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Hope and Change in Obama's Final State of the Union

Vice President Joe Biden and House Speaker Paul Ryan listen as President Obama gives his State of the Union address, Jan. 12, 2016. (AP Photo/Susan Walsh)
Hope and Change in Obama's Final State of the Union
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Sounding more like the candidate of hope and change, U.S. President Barack Obama looked past members of Congress and delivered his final State of the Union message straight to the American people.

“I want to focus on the future,” the president opened his speech to a packed chamber in the House of Representatives.

He added, “America has been through big changes before – wars and depression, the influx of immigrants, workers fighting for a fair deal, and movements to expand civil rights. Each time, there have been those who told us to fear the future; who claimed we could slam the brakes on change, promising to restore past glory if we just got some group or idea that was threatening America under control. And each time, we overcame those fears.”

With the first contest of the 2016 campaign a mere three weeks away in Iowa, Obama repeatedly addressed the harsh tone of the political debate.

He said that, “talk of America’s economic decline is political hot air.” And “when politicians insult Muslims, when a mosque is vandalized, or a kid bullied, that doesn’t make us safer.”

The president declared that, “democracy does require basic bonds of trust between its citizens. It doesn’t work if we think the people who disagree with us are all motivated by malice, or that our political opponents are unpatriotic.”

“It will only happen if we fix our politics,” he said.

During an appearance on the “Today” show before the speech, the president expressed “regret” on his inability to change the tone of partisan politics. In a rare moment of reflection, he added, “Things that I’ve done well during the campaign, I've not always done well as president."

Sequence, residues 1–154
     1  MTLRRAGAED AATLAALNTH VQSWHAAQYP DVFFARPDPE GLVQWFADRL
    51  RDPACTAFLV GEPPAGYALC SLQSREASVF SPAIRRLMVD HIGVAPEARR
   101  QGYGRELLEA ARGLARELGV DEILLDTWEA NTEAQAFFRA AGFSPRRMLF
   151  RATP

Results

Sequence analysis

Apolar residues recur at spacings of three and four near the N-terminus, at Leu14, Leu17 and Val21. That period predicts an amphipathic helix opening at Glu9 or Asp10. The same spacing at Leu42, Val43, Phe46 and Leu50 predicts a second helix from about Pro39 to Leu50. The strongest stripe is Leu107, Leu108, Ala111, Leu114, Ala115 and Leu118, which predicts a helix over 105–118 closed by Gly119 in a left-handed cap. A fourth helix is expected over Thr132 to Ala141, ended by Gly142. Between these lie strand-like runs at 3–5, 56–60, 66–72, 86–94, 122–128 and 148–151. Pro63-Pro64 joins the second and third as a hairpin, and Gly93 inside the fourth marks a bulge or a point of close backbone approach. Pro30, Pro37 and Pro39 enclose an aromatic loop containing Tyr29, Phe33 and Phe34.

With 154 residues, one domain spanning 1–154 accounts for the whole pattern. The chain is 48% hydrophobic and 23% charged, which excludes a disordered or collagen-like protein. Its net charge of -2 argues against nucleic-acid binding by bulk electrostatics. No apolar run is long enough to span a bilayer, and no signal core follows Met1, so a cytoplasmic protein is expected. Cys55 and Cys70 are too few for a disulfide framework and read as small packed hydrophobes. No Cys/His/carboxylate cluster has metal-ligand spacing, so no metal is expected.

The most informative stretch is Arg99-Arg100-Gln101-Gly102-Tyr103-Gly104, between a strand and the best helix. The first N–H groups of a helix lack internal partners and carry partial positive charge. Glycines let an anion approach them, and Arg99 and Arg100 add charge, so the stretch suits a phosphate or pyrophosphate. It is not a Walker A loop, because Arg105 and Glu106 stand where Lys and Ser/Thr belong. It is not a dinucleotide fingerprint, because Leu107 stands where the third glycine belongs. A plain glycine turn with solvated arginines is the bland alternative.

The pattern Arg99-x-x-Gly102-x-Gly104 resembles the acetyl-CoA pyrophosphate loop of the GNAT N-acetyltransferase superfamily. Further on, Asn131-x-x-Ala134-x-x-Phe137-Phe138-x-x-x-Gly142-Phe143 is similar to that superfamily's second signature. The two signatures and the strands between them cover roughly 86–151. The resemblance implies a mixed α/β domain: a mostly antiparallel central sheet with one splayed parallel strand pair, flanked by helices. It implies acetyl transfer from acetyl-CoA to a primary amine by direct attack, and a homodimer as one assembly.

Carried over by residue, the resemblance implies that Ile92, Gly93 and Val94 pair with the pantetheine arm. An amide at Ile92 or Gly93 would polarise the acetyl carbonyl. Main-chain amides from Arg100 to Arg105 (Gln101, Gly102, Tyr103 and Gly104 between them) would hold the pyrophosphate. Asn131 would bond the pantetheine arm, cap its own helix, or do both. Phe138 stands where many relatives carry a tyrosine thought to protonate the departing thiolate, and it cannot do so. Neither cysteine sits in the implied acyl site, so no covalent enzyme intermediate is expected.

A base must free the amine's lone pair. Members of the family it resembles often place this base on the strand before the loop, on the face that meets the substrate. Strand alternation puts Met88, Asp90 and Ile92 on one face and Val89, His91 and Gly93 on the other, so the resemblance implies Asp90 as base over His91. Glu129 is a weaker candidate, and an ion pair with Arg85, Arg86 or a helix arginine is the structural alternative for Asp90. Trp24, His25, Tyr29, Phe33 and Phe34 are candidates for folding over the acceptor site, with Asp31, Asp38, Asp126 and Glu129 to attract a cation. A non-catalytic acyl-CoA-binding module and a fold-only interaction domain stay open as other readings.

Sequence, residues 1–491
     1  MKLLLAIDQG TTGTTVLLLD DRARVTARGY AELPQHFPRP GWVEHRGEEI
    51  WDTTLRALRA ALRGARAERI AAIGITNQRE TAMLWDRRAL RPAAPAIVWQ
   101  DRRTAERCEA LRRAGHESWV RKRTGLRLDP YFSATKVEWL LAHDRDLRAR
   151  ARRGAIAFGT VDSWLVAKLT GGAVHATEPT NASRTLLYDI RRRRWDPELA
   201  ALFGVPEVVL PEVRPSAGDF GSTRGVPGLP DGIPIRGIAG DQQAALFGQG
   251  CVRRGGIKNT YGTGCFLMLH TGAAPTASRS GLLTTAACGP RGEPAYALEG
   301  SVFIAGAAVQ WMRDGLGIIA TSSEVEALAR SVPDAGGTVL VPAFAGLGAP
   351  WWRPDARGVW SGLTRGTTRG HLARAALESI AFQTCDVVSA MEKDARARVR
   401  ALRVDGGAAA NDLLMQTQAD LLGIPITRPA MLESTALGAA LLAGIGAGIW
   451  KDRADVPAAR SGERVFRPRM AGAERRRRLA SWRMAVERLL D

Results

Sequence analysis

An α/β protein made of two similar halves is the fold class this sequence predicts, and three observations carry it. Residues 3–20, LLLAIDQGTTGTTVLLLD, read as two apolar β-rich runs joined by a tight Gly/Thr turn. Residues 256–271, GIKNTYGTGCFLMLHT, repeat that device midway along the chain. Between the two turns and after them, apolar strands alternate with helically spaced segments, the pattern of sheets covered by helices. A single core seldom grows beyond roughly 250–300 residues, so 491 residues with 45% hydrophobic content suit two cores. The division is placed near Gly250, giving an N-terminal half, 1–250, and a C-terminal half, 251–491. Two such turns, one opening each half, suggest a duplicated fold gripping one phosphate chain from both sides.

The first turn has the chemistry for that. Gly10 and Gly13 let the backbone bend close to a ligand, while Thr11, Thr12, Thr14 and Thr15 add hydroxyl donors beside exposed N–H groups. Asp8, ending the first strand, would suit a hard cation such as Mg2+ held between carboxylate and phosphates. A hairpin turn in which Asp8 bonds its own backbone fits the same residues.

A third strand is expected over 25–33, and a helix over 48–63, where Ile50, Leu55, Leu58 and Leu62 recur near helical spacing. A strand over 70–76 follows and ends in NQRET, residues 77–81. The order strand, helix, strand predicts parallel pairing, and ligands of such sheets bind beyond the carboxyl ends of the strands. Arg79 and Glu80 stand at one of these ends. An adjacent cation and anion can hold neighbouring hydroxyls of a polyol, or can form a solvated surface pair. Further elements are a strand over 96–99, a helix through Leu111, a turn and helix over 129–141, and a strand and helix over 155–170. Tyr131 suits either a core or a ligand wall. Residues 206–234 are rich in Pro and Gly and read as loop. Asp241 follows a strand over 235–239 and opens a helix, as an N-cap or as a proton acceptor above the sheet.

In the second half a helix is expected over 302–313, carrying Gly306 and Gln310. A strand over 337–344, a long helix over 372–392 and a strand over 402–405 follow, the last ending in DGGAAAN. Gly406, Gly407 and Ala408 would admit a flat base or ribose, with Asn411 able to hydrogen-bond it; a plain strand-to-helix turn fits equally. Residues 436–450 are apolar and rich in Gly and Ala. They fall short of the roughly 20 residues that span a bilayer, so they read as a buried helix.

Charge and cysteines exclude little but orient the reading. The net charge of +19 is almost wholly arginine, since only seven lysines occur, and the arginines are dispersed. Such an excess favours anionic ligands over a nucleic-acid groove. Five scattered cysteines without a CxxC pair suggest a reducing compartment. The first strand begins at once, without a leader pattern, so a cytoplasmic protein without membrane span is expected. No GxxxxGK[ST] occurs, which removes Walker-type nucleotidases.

In the hour-long speech, Obama recited the accomplishments of his last seven years in office, from the affordable care act to education reform, from climate change to job creation, and from an agreement to contain nuclear Iran to efforts to contain the Islamic State.

Despite the president’s attempts to present his vision of a bright future for America, many Americans are not convinced.

A CBS/New York Times poll released earlier in the day shows that Americans are equally divided on Obama’s performance as president. Forty-six percent of Americans approve and 47 percent disapprove.

More importantly, a public opinion poll taken last month for NBC/Wall Street Journal shows that seven out of 10 Americans believe that the country is heading “off on the wrong track.”

Republican response

South Carolina Governor Nikki Haley delivered the official Republican Party response following the speech from Obama. She said, “The President’s record has often fallen far short of his soaring words.”

“As he enters his final year in office, many Americans are still feeling the squeeze of an economy too weak to raise income levels.” Haley added, “Even worse, we are facing the most dangerous terrorist threat our nation has seen since September 11th, and this president appears either unwilling or unable to deal with it.”

A daughter of Indian immigrants, Haley agreed with Obama on his call for civility in the immigration debate. She said, "During anxious times, it can be tempting to follow the siren call of the angriest voices. We must resist that temptation. No one who is willing to work hard, abide by our laws and love our traditions should ever feel unwelcome."

Among those in attendance as guests of the first lady were a gay rights activist and a Syrian refugee. And there was an empty chair for the victims of gun violence.

I’m Jim Tedder.

Hai Do wrote this story for Learning English. Jim Tedder was the editor.